The Word was an ancient Jewish concept brought into the Christian world through the Gospel of John. The title first appears in John’s prologue, which states ‘In the beginning was the Word’ (Jn 1:1). It occurs only three times more in the New Testament: later in Jn 1:1 ‘… and the Word was with God and the Word was God.’, in 1 Jn 1:1 ‘we preach this concerning The Word ...’ and in Rev 19:13 ‘... his name is The Word’. It does also occur Other New Testament references to ‘Word’ e.g. 2 Tim 4:2 are ambiguous, and can more readily be translated as e.g. ‘message’.
The Word also occurs in the Old Testament, but only in the Apocrypha, in the Wisdom of Ben Sirach 18:11, ‘For while all things were in quiet silence, and the night was in the midst of her course, the Almighty Word leapt from heaven [to earth] …’ which is usually taken to mean the Incarnation, when the Word was born in human form in a stable in Bethlehem. Again, the Word is living.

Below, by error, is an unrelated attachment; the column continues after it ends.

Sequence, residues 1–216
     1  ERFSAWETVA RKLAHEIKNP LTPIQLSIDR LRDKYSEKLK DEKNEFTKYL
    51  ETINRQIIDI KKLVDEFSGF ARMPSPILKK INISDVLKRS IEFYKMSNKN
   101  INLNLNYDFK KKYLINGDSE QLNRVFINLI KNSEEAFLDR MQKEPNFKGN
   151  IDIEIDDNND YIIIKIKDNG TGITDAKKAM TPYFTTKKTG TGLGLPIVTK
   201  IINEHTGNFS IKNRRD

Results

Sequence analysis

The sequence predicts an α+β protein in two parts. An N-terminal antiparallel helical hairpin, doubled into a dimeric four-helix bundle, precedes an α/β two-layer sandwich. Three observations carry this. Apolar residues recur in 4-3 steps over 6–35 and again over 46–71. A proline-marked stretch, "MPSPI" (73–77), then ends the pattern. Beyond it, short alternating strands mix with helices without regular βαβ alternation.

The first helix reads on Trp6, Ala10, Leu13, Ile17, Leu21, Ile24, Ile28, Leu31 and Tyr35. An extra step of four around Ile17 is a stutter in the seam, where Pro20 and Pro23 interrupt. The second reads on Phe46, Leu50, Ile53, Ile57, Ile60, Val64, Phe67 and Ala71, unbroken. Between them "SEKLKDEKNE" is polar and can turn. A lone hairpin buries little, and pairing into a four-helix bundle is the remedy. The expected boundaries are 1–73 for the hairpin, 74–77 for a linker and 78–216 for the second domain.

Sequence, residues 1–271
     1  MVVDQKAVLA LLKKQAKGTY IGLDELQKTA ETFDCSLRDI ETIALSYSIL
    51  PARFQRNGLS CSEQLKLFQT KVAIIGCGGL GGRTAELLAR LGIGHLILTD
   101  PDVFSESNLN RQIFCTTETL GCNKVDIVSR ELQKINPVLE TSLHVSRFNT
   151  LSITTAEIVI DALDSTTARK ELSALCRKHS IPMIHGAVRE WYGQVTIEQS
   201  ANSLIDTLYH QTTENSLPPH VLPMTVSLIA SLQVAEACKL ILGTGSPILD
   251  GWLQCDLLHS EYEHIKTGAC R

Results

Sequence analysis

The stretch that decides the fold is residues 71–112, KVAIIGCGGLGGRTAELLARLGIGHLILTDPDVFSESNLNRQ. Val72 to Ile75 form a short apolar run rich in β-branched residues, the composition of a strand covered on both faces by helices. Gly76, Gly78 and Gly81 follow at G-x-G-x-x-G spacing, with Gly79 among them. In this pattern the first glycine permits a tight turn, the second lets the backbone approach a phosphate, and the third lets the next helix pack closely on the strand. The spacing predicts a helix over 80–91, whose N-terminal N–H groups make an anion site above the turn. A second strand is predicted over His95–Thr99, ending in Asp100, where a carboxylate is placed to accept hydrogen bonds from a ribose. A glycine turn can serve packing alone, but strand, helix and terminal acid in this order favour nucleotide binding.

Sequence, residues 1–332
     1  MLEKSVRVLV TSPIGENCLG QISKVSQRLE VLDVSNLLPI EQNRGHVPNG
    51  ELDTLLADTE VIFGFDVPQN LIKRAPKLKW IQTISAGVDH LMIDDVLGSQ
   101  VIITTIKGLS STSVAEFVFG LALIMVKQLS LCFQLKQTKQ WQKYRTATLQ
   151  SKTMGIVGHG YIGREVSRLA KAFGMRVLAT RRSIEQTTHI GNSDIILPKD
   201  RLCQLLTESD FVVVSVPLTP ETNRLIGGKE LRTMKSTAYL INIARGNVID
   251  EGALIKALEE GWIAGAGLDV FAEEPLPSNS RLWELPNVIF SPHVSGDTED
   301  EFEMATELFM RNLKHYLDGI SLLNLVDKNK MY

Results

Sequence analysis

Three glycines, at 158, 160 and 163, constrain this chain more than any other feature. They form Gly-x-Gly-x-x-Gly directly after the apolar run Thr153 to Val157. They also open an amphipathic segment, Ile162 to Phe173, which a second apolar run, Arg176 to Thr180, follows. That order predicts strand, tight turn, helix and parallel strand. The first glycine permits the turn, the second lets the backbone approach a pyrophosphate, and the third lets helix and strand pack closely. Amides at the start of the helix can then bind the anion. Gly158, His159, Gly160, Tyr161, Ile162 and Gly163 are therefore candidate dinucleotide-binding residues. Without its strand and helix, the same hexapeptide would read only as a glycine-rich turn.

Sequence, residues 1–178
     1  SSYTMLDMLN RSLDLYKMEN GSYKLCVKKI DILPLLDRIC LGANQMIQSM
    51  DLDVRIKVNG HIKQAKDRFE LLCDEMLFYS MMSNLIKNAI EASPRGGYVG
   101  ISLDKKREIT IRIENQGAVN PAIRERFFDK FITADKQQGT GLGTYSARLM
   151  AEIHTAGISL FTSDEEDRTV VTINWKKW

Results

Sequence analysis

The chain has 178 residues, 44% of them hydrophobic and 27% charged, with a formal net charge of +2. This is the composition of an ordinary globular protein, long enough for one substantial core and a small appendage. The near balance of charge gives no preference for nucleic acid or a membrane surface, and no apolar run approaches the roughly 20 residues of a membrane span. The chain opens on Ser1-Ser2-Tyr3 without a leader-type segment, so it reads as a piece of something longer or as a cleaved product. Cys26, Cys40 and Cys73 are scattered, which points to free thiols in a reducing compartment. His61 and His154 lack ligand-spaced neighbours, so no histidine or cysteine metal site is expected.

That the Word is Living helps emphasises how Jesus is still alive and, by necessity, points to the power of the Resurrection. For example, a favourite verse for this mindset is Hebrews 13:8 which says that ‘Jesus Christ is the same today, yesterday and forever’.
The title Living Word is particularly popular with charismatic and evangelical Christianity. That Jesus is The Word encourages a literal use of Scripture such (see 2 Tim 3:16). Evangelism starting from such a base is most effective when talking to those who feel threatened by choice and require carefully delineated guidance. Conversely, an over-indulgent use of such a position can lead to reverence for the printed word, so care is needed: this path can lead to a Pharisaic searching for Jesus in the Scripture when he is straight before us (cf. Jn 5:39).
For an example of Living Word, see the short modern chorus, ‘Jesus, name above all names, Beautiful Saviour, Glorious Lord; Emmanuel, God is with us, Blessèd Redeemer, Living Word’.